Korea Foundation chief says national image needs work

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Korea Foundation chief says national image needs work

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*Yu Hyun-seok President, Korea Foundation

Korea’s image abroad has improved greatly over the past two decades, but there is still a long road ahead, said the new president of the Korea Foundation, Yu Hyun-seok. Yu, 50, spoke with the Korea JoongAng Daily on Aug. 26 in his office in Suha-dong, Seoul. He said that on a recent business trip to Germany, he was shocked to learn that Korea had been ranked last by Germans in a BBC survey on perceptions of 22 nations.

A political scientist formerly at Kyung Hee University, Yu was inaugurated in May as the 11th president of the foundation. He received an undergraduate degree in politics and foreign relations at Yonsei University and a doctorate in political science at Northwestern University. He has served as a government policy analyst, including at the Ministry of Foreign Affairs.

Last week, the foundation hosted “Rhapsody in Blue,” a free international music festival at the Cheonggyecheon Hanbit Park. He is also busy with several other projects, including a week-long exchange for Korea-Japan university students which began Monday and the Korea-China Public Diplomacy Summit on Sept. 24.

In addition to sponsoring forums, seminars and lectures, the foundation also promotes international cultural, diplomatic and educational exchanges. It promotes Korean studies in foreign universities by supplying visiting professors and underwriting fellowships. Its flagship Global e-School program, Yu said, is a project he is especially proud of.

That online school offers video lectures on Korean history, culture and business, and workshops and seminars. The program’s network includes 64 universities in 27 countries as diverse as Indonesia, Vietnam, Russia, Germany and Argentina.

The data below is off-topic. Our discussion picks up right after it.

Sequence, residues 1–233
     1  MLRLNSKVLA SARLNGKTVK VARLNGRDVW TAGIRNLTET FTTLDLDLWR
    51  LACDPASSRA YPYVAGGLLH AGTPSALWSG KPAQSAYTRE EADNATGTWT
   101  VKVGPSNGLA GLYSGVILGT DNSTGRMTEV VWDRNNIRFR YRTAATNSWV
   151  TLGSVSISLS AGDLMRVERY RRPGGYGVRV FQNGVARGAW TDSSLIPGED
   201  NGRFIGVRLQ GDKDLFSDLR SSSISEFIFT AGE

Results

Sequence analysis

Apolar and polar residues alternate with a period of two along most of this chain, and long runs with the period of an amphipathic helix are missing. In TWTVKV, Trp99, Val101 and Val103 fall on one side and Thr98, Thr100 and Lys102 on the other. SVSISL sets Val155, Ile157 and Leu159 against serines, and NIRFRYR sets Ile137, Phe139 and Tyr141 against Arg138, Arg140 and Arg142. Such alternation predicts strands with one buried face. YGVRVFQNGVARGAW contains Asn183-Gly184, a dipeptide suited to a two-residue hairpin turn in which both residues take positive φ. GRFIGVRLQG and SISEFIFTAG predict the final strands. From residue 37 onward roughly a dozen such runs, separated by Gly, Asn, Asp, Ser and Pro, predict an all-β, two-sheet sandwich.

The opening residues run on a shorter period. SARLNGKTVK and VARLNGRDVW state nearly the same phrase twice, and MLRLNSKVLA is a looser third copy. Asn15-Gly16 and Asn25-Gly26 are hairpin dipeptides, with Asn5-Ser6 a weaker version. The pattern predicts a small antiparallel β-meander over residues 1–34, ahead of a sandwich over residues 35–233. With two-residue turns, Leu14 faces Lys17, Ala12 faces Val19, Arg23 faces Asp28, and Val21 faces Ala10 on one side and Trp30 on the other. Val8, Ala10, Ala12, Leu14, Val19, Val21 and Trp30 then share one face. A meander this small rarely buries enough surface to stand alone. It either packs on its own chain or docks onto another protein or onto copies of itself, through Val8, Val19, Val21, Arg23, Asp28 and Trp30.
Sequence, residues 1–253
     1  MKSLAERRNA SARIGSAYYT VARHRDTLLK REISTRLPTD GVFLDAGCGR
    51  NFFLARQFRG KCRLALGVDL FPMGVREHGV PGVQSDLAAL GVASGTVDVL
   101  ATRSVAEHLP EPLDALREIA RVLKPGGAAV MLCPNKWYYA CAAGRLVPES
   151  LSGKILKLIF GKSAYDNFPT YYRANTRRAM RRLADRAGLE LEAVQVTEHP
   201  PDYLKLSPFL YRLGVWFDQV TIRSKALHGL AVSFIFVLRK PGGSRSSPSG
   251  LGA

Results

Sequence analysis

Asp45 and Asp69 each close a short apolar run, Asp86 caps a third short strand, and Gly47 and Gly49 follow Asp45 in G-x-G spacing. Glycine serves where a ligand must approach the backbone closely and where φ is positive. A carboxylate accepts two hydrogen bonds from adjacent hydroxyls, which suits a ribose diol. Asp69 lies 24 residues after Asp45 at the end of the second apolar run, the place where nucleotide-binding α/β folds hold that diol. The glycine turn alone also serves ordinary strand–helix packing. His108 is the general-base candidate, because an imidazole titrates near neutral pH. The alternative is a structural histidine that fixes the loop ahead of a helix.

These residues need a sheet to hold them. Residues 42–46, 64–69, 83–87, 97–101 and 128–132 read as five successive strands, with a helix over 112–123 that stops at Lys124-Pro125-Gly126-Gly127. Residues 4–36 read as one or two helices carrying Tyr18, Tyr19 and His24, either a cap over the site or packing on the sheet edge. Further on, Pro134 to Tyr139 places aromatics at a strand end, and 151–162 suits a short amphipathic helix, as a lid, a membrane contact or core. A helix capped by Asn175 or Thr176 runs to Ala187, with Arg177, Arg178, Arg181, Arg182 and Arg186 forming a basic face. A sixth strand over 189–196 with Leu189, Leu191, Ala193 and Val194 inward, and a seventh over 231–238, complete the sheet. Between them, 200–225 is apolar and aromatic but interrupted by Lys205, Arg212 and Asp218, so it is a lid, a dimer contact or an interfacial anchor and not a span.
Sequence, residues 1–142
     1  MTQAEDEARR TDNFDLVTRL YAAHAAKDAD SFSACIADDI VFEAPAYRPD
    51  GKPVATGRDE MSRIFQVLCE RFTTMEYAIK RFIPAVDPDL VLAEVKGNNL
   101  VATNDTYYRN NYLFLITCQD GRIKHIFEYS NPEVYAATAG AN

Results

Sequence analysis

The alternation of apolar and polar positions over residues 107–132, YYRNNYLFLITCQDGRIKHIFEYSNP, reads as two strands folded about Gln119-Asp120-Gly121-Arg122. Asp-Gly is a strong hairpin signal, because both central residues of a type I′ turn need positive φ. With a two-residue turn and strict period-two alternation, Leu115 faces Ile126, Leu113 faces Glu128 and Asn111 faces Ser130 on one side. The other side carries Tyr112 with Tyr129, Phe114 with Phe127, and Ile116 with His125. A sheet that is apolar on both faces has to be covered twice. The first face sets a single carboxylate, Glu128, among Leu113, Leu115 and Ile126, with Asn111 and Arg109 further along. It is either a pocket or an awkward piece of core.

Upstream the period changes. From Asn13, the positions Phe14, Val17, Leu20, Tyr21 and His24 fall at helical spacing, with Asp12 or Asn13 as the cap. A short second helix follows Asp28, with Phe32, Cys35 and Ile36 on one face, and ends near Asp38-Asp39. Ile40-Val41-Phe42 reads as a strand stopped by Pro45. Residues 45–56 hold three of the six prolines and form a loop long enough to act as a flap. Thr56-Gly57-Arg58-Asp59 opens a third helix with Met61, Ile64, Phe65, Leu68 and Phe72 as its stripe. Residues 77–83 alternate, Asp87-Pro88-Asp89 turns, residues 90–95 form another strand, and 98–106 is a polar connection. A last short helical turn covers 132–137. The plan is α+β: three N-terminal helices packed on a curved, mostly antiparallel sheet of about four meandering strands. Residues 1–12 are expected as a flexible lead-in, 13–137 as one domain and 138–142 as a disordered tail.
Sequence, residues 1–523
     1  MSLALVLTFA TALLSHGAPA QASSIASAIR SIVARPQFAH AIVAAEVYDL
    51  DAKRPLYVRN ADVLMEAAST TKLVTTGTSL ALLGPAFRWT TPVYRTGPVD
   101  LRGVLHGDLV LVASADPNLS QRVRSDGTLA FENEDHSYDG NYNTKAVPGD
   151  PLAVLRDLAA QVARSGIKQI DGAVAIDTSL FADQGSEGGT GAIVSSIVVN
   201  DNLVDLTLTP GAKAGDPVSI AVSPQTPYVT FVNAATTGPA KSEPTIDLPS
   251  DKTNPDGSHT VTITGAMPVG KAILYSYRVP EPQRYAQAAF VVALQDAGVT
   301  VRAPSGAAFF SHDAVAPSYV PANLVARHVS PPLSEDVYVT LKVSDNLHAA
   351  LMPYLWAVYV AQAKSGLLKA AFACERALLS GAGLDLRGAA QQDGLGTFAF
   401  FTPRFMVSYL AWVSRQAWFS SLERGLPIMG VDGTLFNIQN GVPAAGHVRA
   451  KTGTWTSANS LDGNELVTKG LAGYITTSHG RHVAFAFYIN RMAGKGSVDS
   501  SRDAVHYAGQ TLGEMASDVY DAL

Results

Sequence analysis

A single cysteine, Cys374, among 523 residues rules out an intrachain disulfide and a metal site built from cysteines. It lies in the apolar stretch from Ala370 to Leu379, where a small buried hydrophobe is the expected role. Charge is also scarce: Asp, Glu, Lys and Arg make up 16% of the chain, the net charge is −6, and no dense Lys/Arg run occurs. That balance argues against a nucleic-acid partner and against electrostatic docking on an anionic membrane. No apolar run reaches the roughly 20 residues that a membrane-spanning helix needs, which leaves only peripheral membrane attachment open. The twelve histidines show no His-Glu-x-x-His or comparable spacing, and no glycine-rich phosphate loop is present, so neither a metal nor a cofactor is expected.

But the foundation, a non-profit group founded in 1991 under the Ministry of Foreign Affairs, faces problems in its public diplomacy work. Yu complained of a 6.8 percent budget cut and lackluster support among the general public here.

He said the Japan Foundation, founded in 1972, has four times the funds available than his 60.9 billion won ($56 million) last year; he has a fifth of his Japanese counterpart’s staff of more than 500 people. The Japan Foundation has 23 offices in 21 countries; the Korea Foundation has seven in six countries.

Q. It’s been almost four months since you were appointed president of the Korea Foundation, and you have traveled abroad for many foundation events. Are there any memorable experiences?

A.I have been involved with the foundation for a long time, both as a professor and an advisor. But I have realized more than I did before that there is a general lack of public awareness of what we do. For example, we sponsored a forum overseas, and one of our guests came up to me to say he had had a great experience thanks to Korea International Cooperation Agency. I corrected him, but he asked, “Aren’t they the same thing?” I told him Koica provides aid while the Korea Foundation focuses on public diplomacy to promote Korea. I realized then that even those who participate in our events do not understand us very well, so consider what the general public thinks. I regret that.

So, what do you see as Korea’s image abroad, and are there any aspects that need work?